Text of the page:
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Adaptive Clinical Trial to Evaluate Glioblastoma Treatments, Biomarkers


NEW YORK – Researchers have begun enrolling patients in an adaptive clinical trial aimed at uncovering new treatments for glioblastoma.

There has been little change in recent decades in treatment options for glioblastoma or in patient outcomes. About half of the patients diagnosed with glioblastoma die within the first 15 months of being diagnosed and 95 percent die within five years of being diagnosed. 

The Glioblastoma Adaptive Global Innovative Learning Environment (GBM AGILE) clinical trial, which recently opened its first clinical site at the Henry Ford Cancer Institute in Detroit, is taking what it says is a more efficient approach to its clinical trial to evaluate therapies for glioblastoma. 

"We got together and tried to figure out what was going to be the best thing to do … for our field because we weren't making progress," said Tim Cloughesy, a neuro-oncologist at the University of California, Los Angeles, and the global PI of the GBM AGILE trial. 

The trial, which is sponsored by the nonprofit the Global Coalition for Adaptive Research, will also examine biomarkers that might act like companion diagnostics to gauge whether a drug might work in a particular patient population. Regorafenib (Bayer's Stivarga), which has shown promise as a glioblastoma treatment in a small study, will be the first drug examined in this Phase II/Phase III trial.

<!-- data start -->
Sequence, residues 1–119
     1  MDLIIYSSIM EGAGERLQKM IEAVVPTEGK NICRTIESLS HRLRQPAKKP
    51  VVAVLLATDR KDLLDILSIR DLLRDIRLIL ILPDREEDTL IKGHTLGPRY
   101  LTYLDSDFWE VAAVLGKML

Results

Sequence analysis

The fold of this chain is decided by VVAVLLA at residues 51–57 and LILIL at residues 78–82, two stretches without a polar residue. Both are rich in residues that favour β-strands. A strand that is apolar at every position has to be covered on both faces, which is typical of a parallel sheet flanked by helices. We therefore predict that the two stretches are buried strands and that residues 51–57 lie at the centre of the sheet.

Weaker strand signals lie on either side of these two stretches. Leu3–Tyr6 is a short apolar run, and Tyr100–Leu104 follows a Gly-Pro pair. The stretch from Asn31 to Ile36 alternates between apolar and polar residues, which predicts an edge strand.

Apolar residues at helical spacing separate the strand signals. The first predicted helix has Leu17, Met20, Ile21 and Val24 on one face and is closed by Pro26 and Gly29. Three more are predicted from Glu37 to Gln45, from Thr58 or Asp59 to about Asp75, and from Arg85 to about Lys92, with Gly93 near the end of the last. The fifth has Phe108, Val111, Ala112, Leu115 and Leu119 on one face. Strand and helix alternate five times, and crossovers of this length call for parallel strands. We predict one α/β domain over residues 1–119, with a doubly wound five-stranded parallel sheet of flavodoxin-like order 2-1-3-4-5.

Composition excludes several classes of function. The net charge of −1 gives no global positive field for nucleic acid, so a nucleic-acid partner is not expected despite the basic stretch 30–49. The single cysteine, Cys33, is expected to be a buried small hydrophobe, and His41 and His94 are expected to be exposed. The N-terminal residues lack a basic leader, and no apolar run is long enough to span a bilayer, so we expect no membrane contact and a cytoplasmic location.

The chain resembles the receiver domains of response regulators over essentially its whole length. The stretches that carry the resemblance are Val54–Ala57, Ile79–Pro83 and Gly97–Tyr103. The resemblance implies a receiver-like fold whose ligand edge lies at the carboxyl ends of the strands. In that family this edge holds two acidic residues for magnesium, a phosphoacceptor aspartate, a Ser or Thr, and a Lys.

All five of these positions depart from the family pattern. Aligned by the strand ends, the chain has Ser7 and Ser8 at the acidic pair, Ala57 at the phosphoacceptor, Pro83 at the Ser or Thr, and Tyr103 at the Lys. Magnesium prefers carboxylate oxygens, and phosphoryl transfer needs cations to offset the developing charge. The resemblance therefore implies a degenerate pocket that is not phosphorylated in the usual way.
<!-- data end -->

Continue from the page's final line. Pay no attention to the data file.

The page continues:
The first stage of the trial will be a learning stage that's akin to a randomized Phase II study, Cloughesy said. Patients will undergo randomization to either the control group, which will receive the standard of care, or the experimental drug arms, as the researchers outlined in Clinical Cancer Research in 2017. The aim of this stage is to identify treatments that affect overall survival.

How that randomization occurs will change as the researchers generate data. They are using a Bayesian algorithm to assign patients to the various arms, and that randomization process will be tweaked based on how well each of the three glioblastoma subtypes — patients with recurrent glioblastoma, newly diagnosed MGMT promoter methylation-positive glioblastoma, or newly diagnosed methylation negative glioblastoma — respond to treatment.